3 trends emerge for cus­tomers from J.P. Mor­gan re­port

The Arizona Republic - - America’s Markets - Adam Shell

Any­one with an ATM card, check­ing ac­count or in­ter­est­bear­ing CD was lis­ten­ing for some­thing pos­i­tive when JPMor­gan Chase, the No. 1 U.S. bank by de­posits, an­nounced earn­ings.

For the most part, ac­count hold­ers prob­a­bly liked what the bank’s chief fi­nan­cial of­fi­cer, Mar­i­anne Lake, had to say Thurs­day.

The bank made $6.7 bil­lion in the third quar­ter, which topped Wall Street ex­pec­ta­tions. The main sto­ry­line was up­beat: Peo­ple on Main Street are do­ing well and are still fill­ing out ap­pli­ca­tions for mort­gages and us­ing their credit cards re­spon­si­bly.

But the things Lake told Wall Street an­a­lysts in a con­fer­ence call were the real money quotes: ►Cyb★r theft fears fail to ma­te­ri­al­ize: The high-pro­file hack at credit-re­port­ing firm Equifax didn’t, um, break the bank. Fears of cy­ber thieves us­ing data to file for loans us­ing stolen per­sonal data didn’t ma­te­ri­al­ize in any mea­sur­able way — at least not yet. In fact, Lake said, “As a prac­ti­cal mat­ter we are not see­ing a sig­nif­i­cant in­crease in fraud.” Nor, she said, did the cy­ber theft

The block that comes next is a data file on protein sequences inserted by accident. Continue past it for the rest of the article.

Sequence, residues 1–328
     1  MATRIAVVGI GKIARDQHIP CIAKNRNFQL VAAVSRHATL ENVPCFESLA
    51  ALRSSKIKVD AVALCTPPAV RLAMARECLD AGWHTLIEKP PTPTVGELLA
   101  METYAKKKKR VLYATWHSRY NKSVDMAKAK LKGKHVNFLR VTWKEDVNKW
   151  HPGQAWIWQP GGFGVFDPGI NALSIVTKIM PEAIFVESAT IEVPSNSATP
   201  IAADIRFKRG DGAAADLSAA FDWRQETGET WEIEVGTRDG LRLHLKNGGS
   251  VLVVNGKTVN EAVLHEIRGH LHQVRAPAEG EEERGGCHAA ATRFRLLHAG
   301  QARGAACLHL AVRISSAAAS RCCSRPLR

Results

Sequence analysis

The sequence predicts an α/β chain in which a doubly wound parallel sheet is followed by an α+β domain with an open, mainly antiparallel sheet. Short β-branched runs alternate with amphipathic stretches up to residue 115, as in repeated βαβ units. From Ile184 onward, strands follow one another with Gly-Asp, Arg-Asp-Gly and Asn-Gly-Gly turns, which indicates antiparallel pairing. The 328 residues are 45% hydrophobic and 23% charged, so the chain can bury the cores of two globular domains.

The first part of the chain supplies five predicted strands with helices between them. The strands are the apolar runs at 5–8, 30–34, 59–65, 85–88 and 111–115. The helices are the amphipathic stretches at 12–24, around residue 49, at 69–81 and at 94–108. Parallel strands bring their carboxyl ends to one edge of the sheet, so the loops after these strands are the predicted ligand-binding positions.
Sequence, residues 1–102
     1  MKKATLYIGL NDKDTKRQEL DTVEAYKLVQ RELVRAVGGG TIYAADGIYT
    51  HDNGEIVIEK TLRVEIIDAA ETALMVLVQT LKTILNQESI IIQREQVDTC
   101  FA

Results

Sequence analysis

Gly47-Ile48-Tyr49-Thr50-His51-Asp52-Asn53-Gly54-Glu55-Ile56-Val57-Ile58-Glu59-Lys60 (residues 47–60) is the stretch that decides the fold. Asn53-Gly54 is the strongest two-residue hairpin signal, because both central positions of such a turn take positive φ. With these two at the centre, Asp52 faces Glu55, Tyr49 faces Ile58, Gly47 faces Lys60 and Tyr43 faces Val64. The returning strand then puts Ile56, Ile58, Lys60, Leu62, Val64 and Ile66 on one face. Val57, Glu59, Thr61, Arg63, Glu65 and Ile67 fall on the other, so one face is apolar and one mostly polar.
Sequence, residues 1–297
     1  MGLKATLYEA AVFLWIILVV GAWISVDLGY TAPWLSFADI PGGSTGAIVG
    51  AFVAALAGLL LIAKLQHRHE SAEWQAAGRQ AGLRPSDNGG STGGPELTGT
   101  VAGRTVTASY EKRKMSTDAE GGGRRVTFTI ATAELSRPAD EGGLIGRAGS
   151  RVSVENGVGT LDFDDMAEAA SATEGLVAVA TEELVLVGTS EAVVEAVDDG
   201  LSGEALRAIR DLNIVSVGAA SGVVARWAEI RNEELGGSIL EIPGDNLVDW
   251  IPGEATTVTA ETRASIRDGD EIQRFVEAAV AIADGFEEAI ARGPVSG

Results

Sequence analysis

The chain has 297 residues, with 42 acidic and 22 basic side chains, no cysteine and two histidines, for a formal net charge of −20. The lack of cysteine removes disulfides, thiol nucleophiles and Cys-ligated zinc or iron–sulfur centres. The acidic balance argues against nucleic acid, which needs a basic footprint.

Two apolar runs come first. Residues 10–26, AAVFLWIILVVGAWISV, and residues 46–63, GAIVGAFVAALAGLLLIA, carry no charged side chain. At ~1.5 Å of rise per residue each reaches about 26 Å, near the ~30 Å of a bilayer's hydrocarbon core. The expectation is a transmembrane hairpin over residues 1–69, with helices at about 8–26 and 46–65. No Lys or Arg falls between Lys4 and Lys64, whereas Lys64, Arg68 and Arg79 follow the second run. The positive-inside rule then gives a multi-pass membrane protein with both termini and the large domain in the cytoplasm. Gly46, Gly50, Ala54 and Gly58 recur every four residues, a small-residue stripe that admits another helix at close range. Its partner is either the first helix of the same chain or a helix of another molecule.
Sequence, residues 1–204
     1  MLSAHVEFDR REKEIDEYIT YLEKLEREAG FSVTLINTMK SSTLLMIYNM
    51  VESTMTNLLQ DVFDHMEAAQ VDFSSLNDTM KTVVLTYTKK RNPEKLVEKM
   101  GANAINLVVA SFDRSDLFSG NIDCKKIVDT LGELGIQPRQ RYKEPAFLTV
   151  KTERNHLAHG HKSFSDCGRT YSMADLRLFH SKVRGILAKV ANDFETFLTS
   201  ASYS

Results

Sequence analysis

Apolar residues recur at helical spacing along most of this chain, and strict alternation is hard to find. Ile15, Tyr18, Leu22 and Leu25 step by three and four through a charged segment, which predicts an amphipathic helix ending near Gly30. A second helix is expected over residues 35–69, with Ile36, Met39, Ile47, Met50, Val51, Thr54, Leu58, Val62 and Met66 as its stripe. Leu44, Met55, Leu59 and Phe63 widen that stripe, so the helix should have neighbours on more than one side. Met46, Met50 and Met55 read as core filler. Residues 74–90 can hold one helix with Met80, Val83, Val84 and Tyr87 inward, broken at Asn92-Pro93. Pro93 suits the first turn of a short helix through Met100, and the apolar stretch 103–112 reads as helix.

of per­sonal data of more than 145 million Amer­i­cans from Equifax hurt its loan busi­ness, say­ing, “We saw no mea­sur­able im­pact.” ►G★t used to puny in­ter­est:

There have been three short­term in­ter­est rate hikes from the Fed­eral Re­serve since De­cem­ber, boost­ing the Fed’s key rate to a range of 1% to 1.25%. Even so, Lake said cus­tomers shouldn’t ex­pect in­ter­est paid on pass­book sav­ings, check­ing ac­counts or CDs to rise much. There has been “very lit­tle or any move­ment in repric­ing of con­sumer ac­counts,” she said. But that could change if

the Fed, as it has sig­naled to mar­kets, hikes rates again in De­cem­ber and three or four more times next year. The na­tional av­er­age in­ter­est paid on sav­ings ac­counts is a skimpy 0.09%, ac­cord­ing to BankRate.com. ►H★alt●y state of con­sumers: CEO Jamie Di­mon said in the bank’s earn­ings re­port the U.S. con­sumer “re­mains healthy, thanks to solid wage growth.” Lake backed up her boss’ claim, not­ing strength in the home-loan busi­ness: “Our con­sumer mort­gage busi­ness re­mains strong and is per­form­ing well.”

AFP/GETTY IM­AGES FILE PHOTO

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